President of Chanel Japan
Text by Andrew Howitt / Photo by Kageaki Smith
At 17, Richard Collasse came to Japan knowing very little about the country, except that he wanted to buy a Nikon camera. Now, after having lived here for over 40 years, 20 of them as president of Chanel Japan, he has a deep appreciation of the country’s language, culture, history and people, as well as a keen understanding of the business of the international luxury goods market. Eurobiz Japan sat down with Collasse to talk about Chanel Japan, and his past involvement with the European Business Council (EBC).
Could you tell me a little about Chanel’s presence in Japan?
We have three different businesses under the same roof. We have the cosmetics business, we have the fashion business, and we have the watch and fine jewellery business. For the cosmetics business, we are a foreign brand in Japan, so we have hyper-selective distribution. We are at the top of the pyramid in the department stores — we are in about 200 department stores. In fashion, we have 34 boutiques, which is the highest number of boutiques in one single country for Chanel — we don’t have as many boutiques in France — and they are all directly run by ourselves. They are very often inside department stores, but we run the business. And we have 13 fine jewellery boutiques, which is also the highest number for Chanel in any single country.
How do you think the Japanese Chanel customers differ from others in the world?
This is something that you will find across all industries — not only for Chanel: they are very demanding. They want the best and only the best. The Japanese are very sophisticated consumers, and they expect everything to be perfect. The product has to be perfect, the environment has to be perfect, and the service has to be perfect. So I always say that being in Japan for any kind of business is actually a kind of label of top quality. Thanks to Japan, I daresay we have increased the quality of our products, and that to the benefit of the rest of the world. And if they are happy, they are very faithful customers. And that’s very important.
How would you describe your work culture here?
We are very Japanese: 99% Japanese. Very few foreigners. We have mainly a female population: 96%. And some of them are in very high-level [positions], because we have directors and general managers who are women. Coco Chanel was a woman. She promoted the freedom of women at a time when there was not really a very public life for women — at the end of the 19th and beginning of the 20th century. We think we have to keep that spirit alive.
Aside from the boutique, what is special about your flagship store in Ginza?
When we decided to do the construction here, I said, “I want a restaurant” — at that time, no brand had a restaurant — and I said, “I want a cultural centre.” Coco Chanel was a Pygmalion of the arts. She helped a lot of people — she helped Picasso, she helped Stravinsky — to get their start. So I said, “Let’s keep the spirit of our founder alive”; and [so] we created this cultural centre we have on the fourth floor, called the Nexus Hall. We are helping young artists to blossom here. We [have] a classical music programme. We choose, every year, five young artists from the music university, and we give them 50 concerts during the year. And we [also] do mainly photography, but also some plastic arts. They are all, technically speaking, wonderful artists. We call it the Pygmalion programme, and it’s open to the public.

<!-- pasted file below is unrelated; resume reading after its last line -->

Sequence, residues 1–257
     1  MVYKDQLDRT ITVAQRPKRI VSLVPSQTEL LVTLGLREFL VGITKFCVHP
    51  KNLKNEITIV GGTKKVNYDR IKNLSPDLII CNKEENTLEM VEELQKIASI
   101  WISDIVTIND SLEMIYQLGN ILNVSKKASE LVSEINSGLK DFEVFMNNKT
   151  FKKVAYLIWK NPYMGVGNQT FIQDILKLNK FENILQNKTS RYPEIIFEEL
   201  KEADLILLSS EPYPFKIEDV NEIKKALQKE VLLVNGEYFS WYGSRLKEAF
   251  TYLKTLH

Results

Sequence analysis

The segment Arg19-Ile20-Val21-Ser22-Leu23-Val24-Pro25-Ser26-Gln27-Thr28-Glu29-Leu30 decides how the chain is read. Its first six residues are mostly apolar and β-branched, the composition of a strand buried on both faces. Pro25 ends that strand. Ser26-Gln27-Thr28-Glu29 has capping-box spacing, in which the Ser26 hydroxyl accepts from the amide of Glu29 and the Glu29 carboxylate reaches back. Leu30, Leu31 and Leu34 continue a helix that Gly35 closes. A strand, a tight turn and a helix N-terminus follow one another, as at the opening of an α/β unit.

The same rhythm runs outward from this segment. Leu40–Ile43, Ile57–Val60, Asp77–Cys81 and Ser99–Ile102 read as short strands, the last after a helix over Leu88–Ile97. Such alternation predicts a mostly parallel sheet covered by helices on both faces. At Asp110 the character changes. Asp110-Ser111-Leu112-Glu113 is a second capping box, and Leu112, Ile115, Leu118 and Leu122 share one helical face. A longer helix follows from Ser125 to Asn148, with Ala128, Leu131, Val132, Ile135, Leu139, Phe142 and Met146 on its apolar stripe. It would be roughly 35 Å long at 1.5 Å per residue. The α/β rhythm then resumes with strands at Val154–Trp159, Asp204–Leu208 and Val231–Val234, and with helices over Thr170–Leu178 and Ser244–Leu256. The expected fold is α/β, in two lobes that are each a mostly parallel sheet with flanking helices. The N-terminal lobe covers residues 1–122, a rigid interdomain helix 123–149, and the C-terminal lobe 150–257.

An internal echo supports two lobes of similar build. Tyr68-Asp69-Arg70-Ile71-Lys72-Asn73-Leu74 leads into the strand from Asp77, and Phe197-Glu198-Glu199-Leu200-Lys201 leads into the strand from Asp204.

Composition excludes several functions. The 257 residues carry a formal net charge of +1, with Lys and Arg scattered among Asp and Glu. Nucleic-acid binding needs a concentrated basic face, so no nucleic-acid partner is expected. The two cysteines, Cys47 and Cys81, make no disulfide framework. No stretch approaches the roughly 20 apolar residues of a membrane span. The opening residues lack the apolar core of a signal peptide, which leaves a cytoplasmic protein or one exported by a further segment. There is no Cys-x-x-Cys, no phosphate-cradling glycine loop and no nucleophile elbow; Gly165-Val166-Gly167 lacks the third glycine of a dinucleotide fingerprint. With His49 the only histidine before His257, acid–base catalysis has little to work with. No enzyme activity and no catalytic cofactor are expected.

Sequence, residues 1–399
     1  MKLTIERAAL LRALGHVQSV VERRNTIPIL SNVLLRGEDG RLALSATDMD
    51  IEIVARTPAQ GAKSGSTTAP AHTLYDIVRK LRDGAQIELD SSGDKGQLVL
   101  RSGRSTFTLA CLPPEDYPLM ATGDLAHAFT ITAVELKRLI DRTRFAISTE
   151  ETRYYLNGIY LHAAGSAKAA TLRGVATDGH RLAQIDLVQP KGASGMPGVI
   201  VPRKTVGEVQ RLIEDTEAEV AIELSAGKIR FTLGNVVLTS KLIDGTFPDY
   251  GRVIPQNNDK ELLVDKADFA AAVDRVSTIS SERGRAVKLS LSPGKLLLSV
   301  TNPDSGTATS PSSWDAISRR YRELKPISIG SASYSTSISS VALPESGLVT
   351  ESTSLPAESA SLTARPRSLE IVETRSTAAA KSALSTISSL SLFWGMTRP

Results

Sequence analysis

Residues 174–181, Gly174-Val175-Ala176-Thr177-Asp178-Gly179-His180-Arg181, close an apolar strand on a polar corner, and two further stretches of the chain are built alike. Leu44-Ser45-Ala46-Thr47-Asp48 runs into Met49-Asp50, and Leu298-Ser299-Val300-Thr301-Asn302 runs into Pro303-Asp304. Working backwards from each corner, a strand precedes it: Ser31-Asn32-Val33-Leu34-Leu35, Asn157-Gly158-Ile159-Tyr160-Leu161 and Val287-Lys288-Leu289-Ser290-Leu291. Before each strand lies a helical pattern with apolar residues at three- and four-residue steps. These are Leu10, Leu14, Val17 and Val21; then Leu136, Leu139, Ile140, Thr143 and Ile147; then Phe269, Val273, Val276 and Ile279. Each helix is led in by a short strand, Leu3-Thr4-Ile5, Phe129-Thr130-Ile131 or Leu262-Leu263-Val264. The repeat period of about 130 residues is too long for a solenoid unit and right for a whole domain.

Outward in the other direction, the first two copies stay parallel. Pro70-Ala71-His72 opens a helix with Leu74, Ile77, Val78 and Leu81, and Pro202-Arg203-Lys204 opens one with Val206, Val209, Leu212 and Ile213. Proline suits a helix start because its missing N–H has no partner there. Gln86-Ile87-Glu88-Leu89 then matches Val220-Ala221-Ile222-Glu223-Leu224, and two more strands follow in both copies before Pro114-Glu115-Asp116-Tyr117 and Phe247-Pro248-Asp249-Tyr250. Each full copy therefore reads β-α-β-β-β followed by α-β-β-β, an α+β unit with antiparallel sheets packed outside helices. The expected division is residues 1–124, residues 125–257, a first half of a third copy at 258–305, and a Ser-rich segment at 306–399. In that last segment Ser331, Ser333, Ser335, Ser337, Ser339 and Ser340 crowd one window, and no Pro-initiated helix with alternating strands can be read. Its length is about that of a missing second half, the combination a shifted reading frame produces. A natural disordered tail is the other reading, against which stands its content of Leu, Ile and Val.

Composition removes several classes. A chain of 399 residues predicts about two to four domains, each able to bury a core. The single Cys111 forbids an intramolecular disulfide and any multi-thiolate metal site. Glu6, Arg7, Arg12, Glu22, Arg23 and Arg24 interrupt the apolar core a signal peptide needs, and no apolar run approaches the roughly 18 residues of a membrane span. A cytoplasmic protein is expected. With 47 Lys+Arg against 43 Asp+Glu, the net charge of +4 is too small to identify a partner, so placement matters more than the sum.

As the former head of the EBC, do you continue to be involved in EBC-related business?
I am not involved anymore. I was the head of the EBC for seven years, which is a very long period. I was very lucky because Prime Minister Koizumi was in charge and he wanted to have a counterpart to the bilateral relationship he had with the United States. And thanks to that, I met him very often in person. I think the EBC is a treasure that has to be protected. I know that today there is a little bit of tension; some chambers of commerce say, “Why don’t we do it ourselves?” I say, “Keep the EBC.” It’s very important. Maybe the FTA will at long last be signed, but don’t think that when the FTA is signed it’s over. It’s the beginning of a different cycle where we’ll have to make sure that what is in the FTA is respected by the Japanese. And I think that the EBC is very well-placed to do that job. So it will probably be a different mission from the one that they have had for the past 50 years, but it will be a very important mission. People who have not been here for a long time sometimes don’t realise what it means. The EBC is a label which is respected by the Japanese ministries, by the administration, by the Keidanren [Japan Business Federation]. They know the EBC very well, but they don’t know the individual chambers of commerce.
Are you optimistic about having a Japan-EU FTA signed in the autumn?
Well, you know, I’m like St Thomas. I’ll believe it when I see it. But they are making good progress. The problem between Japan and Europe is that the Japanese have a problem with tariff barriers with us, and we have a problem with non-tariff barriers with them. It’s complicated to negotiate, but I trust it’s possible. I think we will come to something because the Japanese need it and the Europeans, we also need it. I think nothing has changed in the necessity for Europe and Japan to really get closer together.